Tour Westconnaug Meadows Saturday

Tour Westconnaug Meadows Saturday

SCITUATE – A guided tour of Westconnaug Meadows is set for this weekend as the Scituate Land Trust and Conservation Commission host an exploration of the town’s protected property for a second installment of Land Trust Days.

For the second of three tours, board member Thomas Angell will lead a hike of the Westconnaug Meadows, 49 George Washington Highway, this Saturday, Sept. 14, starting at 9 a.m.

Angell said the Land Trust and Conservation Commission are hosting the hikes to get the community interested in the town’s properties and to experience the outdoors. He said conserved or trusted property is essential for Scituate to avoid becoming overdeveloped.

“If we don’t pay attention, we’re going to lose these places where people can go hiking and get outdoors,” he said.

For Angell, who said he’s walked everywhere in Scituate, it’s important to get outdoors, get exercise and get your eyes away from the computer.

Angell described Westconnaug’s hiking trails as one of the best-kept secrets in Rhode Island. Hikers will experience vernal ponds, seasonal ponds essential for wildlife breeding and habituating, large boulders and elevated areas.

“It’s got nice rolling hills and intermediate hiking trails,” Angell said.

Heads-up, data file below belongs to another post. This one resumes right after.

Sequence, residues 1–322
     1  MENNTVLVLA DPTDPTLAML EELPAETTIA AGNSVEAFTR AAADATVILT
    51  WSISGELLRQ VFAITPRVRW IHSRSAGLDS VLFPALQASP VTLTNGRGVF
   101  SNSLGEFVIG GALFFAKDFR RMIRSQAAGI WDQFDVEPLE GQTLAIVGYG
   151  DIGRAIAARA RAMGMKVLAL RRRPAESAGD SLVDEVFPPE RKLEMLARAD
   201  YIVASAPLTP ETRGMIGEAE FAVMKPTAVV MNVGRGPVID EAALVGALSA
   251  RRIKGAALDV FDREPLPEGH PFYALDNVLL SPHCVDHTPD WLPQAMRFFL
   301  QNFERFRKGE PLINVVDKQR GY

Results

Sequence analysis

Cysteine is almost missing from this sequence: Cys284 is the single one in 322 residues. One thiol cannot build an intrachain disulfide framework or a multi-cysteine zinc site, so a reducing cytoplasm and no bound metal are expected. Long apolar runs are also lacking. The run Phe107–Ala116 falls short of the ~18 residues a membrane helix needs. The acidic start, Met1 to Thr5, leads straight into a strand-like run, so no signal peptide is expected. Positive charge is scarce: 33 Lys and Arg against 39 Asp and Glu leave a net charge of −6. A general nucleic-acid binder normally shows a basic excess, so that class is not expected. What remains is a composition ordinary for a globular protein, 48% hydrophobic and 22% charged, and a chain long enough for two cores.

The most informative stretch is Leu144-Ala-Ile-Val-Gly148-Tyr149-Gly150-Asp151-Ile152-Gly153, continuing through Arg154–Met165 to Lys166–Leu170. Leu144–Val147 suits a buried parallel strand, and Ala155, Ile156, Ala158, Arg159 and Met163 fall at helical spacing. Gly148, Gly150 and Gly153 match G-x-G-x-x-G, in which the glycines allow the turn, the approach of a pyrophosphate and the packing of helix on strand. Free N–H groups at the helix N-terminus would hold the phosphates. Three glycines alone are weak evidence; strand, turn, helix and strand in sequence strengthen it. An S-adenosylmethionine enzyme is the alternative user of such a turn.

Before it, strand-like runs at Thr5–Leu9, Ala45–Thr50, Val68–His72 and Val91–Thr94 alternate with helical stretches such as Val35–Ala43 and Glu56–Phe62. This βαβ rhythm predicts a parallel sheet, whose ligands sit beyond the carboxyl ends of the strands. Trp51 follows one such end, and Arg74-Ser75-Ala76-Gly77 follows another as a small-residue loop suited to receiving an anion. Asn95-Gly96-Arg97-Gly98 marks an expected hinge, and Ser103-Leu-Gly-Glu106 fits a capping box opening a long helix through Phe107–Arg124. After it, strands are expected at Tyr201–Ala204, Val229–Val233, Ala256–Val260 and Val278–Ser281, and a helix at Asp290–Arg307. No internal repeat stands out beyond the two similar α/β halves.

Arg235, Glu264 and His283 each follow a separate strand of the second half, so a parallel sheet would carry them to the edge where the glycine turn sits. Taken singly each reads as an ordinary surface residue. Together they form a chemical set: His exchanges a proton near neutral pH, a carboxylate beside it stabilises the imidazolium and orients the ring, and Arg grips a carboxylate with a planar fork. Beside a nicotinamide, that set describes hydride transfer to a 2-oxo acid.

He said he worked on the property soon after he joined the Land Trust and Conservation Commission around 25 years ago.

Angell said he vaguely remembers from his youth when the Westconnaug property was an old “poor farm.” He said though it was still town property, the home and land was used for people who needed a place to live in Scituate.

Located behind the Scituate Animal Shelter, Angell said the land was deeded to the town long before the animal shelter or baseball park were there.

He described the hour-long hike as good for someone who doesn’t want to do much climbing or see many people along their walk. He said unlike Lawton Farm, which is more popular, Westconnaug is dog-friendly.

On Aug. 17, members of the public walked the Lawton Farm property on a similar hike. Due to birds nesting in the meadows, Angell said dogs need to be leashed at Lawton Farm.

The third and last Land Trust Days hike is at Esek Hopkins Park off Battey Meetinghouse Road on Saturday, Oct. 19, at 9 a.m. Cynthia Gianfrancesco will be leading the tour through the Esek property. She describes the Esek trails as beautiful with several different habitats not normally seen on a property that small. She said all of the trails pass over “absolutely beautiful” stone walls from past farmland.

She said conserving land is vital because it allows hikers to forget about everyday life and be in nature.

Located across from the police barracks, Gianfrancesco said, the local commissions lease the property from the state, and are in the process of taking over the property permanently.

She said volunteers worked on the area, expanding and interconnecting the trails a few years ago.

On both hikes, the guides will stop and explain features and the history of each property.

For more information on the hikes or maps of the properties, visit .